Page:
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Secret Wars II is a nine-issue comic book Limited Series and crossover published between 1985 to 1986 by Marvel Comics. It was written by Marvel's then Editor-in-chief Jim Shooter and primarily penciled by Al Milgrom. The series was a sequel to the original series Secret Wars, published in 1984 and 1985. It tied-in with issues of other Marvel titles, with each "tie-in" featuring a Secret Wars II logo in the top right hand corner to indicate that it was a part of the overall story.

The plot follows the return of The Beyonder, the being who started the first Secret Wars, who comes to Earth in search of enlightenment and inevitably comes into conflict with Earth's metahumans and the cosmic entities that exist in the Marvel Universe. It tries to become human, help people, learn how to love etc. but keeps failing, and his frustration turns him into a menace. He is eventually dealt with, although the heroes also have to prevent the destruction of the planet as a consequence of his actions.


Tropes associated with this work:

  • Artistic License Economics: Averted. A very naive Beyonder is told by Power Man that money -- or the lack thereof -- is the root of most all problems in the world, and that money is a stand-in for gold (though his partner Iron Fist mentions they haven't been on the gold standard for years). The Beyonder, wishing to make everyone happy, turns an entire skyscraper into gold... which quickly collapses in on itself. Several crossover issues explore the ramifications this has on the world economy. (The government ends up covering up the event and throwing the excess gold into a sea trench.)
  • Crisis Crossover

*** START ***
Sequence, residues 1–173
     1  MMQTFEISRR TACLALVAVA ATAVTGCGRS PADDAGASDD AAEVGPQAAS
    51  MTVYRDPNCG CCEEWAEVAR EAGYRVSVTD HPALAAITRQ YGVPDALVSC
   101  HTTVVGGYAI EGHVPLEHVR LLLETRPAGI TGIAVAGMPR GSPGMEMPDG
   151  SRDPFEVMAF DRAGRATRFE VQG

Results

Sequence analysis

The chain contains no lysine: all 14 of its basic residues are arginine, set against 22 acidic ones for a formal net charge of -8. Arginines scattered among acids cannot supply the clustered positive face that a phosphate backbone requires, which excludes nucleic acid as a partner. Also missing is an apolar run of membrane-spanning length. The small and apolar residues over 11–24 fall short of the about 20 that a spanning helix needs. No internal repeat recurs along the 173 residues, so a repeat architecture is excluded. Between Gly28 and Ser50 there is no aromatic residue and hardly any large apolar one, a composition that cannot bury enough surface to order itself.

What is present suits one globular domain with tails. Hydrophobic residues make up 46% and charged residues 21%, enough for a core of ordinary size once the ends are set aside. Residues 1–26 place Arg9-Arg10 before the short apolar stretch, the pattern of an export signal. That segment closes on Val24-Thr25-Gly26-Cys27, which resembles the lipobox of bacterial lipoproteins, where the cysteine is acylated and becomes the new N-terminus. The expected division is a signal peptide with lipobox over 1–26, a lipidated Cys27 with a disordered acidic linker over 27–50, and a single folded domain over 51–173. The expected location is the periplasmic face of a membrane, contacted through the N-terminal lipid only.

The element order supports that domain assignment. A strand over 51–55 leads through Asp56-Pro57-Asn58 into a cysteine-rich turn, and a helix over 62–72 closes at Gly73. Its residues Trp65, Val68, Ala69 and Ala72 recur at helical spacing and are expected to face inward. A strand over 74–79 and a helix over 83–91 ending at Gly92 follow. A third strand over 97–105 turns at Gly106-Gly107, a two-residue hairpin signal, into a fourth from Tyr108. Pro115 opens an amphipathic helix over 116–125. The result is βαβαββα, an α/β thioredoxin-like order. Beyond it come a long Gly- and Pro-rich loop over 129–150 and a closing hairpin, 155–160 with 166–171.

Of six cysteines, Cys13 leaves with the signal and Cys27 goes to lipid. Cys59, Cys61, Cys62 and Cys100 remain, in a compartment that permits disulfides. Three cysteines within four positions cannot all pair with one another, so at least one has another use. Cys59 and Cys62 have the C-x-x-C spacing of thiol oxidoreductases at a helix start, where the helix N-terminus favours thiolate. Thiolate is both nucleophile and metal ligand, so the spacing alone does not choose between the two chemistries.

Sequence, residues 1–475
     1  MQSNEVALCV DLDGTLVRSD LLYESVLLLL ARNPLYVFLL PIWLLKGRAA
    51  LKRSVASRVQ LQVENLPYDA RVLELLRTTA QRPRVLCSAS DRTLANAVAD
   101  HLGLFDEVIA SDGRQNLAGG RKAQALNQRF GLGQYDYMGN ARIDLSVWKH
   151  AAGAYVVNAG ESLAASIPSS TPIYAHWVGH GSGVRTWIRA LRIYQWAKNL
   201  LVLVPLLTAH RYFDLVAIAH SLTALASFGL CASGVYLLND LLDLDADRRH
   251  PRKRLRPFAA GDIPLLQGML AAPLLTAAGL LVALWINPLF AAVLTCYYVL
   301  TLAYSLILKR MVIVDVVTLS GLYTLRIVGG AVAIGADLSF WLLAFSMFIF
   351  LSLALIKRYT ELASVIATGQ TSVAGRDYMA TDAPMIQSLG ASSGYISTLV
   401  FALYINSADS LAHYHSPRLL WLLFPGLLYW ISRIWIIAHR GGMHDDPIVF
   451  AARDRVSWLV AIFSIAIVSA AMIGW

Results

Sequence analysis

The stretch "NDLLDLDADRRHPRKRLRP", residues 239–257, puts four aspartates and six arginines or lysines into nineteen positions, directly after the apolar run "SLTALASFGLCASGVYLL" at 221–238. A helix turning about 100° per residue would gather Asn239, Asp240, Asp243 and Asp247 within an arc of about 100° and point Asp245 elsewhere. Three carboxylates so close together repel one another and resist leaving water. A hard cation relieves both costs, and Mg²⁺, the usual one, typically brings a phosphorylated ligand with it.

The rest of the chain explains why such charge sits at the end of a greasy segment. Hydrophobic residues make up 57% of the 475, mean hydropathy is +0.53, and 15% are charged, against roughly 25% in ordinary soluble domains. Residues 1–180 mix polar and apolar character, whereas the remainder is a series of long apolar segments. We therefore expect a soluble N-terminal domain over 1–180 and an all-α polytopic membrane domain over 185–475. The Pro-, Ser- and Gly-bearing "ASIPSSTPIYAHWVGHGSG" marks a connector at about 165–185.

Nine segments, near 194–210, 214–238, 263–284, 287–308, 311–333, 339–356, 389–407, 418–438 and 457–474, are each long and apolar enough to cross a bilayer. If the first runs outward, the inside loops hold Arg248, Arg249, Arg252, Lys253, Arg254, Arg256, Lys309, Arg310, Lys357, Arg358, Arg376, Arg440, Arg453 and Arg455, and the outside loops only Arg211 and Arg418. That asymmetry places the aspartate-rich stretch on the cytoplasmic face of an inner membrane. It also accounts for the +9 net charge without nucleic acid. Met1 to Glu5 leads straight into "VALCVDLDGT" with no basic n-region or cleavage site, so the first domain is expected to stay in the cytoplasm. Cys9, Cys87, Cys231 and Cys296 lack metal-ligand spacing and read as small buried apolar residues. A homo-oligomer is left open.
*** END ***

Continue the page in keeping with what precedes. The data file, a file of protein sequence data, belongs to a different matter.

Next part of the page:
• Death Takes a Holiday: Death is killed by Beyonder.
  • Evil Tower of Ominousness: In issue 6, "Life Rules," the Beyonder builds himself a Super Hero Base in which to operate as a superhero. In a bit of subversion, he buys the property, files the plans at city hall, and then builds it.
  • Missing Episode: The Rom and Micronauts tie-ins are not included in the Omnibus due to Marvel not having the licenses for them. However, the "Secret Wars 3" storyline from Fantastic Four #316-319 was included as compensation.
  • Retcon: Marvel later retconned Beyonder's origin so that he'd never been fully omnipotent at all, he only believed he was (and to mortals he definitely seemed to be, but the other Cosmic Entities were just pretending to get beaten by him to "help him grow".)
  • Self-Insert Fic: Some believe that the entire series was one for Jim Shooter, Marvel's Editor-In-Chief at the time.
  • Throwaway Country: The galaxy destroyed by the Beyonder at the beginning of the crossover series.
  • Time Compression Montage: Done repeatedly throughout the series, along with a heavy dose of exposition. For instance, when The Beyonder mentally dominates everyone in the universe, it is shown with a mere four panels of everyone and everything bowing down in subservience.
  • Very Special Episode: Fantastic Four #285 is about a kid burning himself to death trying to copy Johnny Storm's Wreathed in Flames style, the news of which nearly driving Johnny himself into quitting his superhero career. It took the Beyonder himself to convince Johnny not to give up.
  • Victory Is Boring: In Issue #3 the Beyonder mind controls everything on Earth, effectively winning. He then decides it's boring and releases them.
  • What Is This Thing You Call Love?: Beyonder tries to make the heroine Dazzler fall in love with him, but can't actually fall in love himself. This only makes him madder.


  1. Released four years after the event ended.
  2. Released twelve years after the event ended.
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